Nothing will do a better job than CCE
Not true. A few tidbits from the Doom 9 forums:
[i]German magazine c't tested all the "one-click" copiers against CCE in the 11/2003 issue.
For movie-only (5MBit/sec) and complete copy (3.8MBit/sec), each using 3pass VBR, CCE results were slightly worse those of DVDShrink (1.03), InstantCopy (7.01.119) and CloneDVD (ElBy Beta 1) but better than those of DVD2One/9to5 DVD Ripper and DVDXcopy Xpress.
Transcoding may fail for too high compression levels, but can show impressive results for low or medium compression.
Not necessarily so. Even though most movies are originally encoded using CCE, it is not easy to duplicate a good studio encode.
The reason is tweaking, inserting I frames at specific frames, altering the bitrate to suit the content, etc. A good transcoder will take advantage of all that tweaking, and reduce the bitrate proportionately. And, of course, transcoders never change the GOP structure, or pulldown flags, and they can retain Pan/Scan offsets and Closed Captioning.
If CCE would get the uncompressed stream as input, it would of course produce always better or at least equal results compared to a good transcoder.
Then again, compressing an image which was already compressed by removing the higher spatial frequencies is a less ideal scenario. Removing the higher coefficients of the discrete cosinus transformation used by JPEG/MPEG creates the typical "ghost image" artifacts on sharp edges. These are caused by the missing higher coefficients which would normally extinguish the oscillation.
When recompressing this, the encoder will try to reproduce the edge including the artifacts. When transcoding, just some more coefficients are deleted. It is obvious that the latter approach not only creates less data but also a higher image quality.
This works fine for medium compressin ratios. However at some point only removing coefficients will create too many block artefacts. Then it would me wiser to recalculate the motion vetors and/or insert/delete I-frames at the right position and so on. That's were an encoder wins over a transcoder.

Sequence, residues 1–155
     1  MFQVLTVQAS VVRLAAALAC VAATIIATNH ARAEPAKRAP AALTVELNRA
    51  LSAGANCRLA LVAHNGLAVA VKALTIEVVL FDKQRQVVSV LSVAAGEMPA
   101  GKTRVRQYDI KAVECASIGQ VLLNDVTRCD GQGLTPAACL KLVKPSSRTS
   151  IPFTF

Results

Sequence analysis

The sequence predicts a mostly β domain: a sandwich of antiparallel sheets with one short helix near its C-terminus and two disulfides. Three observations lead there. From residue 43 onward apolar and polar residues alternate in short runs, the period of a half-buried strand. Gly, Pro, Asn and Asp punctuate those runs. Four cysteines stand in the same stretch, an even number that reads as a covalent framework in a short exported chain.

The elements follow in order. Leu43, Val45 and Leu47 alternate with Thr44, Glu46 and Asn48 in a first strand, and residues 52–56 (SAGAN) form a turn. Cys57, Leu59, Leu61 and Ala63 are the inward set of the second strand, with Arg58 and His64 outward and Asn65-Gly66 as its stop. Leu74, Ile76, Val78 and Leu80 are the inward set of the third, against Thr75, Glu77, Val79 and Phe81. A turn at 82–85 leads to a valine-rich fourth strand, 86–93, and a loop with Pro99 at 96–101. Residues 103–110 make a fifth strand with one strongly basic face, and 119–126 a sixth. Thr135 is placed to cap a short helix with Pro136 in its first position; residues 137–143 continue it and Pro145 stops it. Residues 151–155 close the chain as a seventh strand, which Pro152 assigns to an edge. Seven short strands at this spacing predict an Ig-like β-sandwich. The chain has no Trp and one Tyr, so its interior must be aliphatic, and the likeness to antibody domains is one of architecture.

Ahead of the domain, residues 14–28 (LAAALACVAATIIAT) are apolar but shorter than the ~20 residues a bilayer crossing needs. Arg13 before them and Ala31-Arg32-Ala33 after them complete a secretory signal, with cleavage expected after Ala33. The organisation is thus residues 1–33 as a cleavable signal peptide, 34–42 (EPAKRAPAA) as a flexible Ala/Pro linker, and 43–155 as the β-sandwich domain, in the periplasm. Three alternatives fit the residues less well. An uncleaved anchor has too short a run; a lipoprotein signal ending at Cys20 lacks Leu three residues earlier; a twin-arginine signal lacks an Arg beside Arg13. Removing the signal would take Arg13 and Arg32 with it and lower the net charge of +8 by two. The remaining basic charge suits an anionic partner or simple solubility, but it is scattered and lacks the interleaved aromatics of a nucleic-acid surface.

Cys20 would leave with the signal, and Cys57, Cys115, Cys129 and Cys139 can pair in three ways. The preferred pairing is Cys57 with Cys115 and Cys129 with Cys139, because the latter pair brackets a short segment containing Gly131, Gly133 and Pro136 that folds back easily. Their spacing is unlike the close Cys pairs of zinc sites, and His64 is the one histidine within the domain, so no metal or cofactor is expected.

But for compression ratios of about 30-40% or less, I would bet on the transcoder. Please note that some of the current one click transcoders use pretty simple algorithms.
I've made similar discoveries and found clear instances where transcoders beat encoders (yes even CCE). What I find strange is peoples unwillingness to accept this. (Can you say group preassure).
We might not have it yet but certainly theoretically it should be obvious that transcoders could do a better job than any encoder since the main effort in finding quantifier and motion vector values is allready done!
The extra work that is done by an encoder as compared to a trancoder is roughly: IDCT to RGB/YUV to DCT. The last step is hardly bijective (1:1), in fact this is the very heart of the encoding and the main reason for encoders having a difference in quality (and price). It can in short be done in an astronomical amount of ways and only one is optimal (if you think CCE can do a better encoding than the uncompressed stream that is fed to it...think again). [/i]
With a source of only 4.8 any of the transcoders should work well. Compressing 8G with CCE will not produce better results than compressing 5G with CCE, but 8G compressed with CCE will produce much better results than DVD Shrink will with 8G. My favorite transcoder for most jobs (I'm a movie only fan) is InstantCopy 8, although twitchy for some, it's vid quality will always beat Shrink et al. Rebuilder/CCE gets the nod for the very long movies, those pushing the 2 1/2 hour+ mark.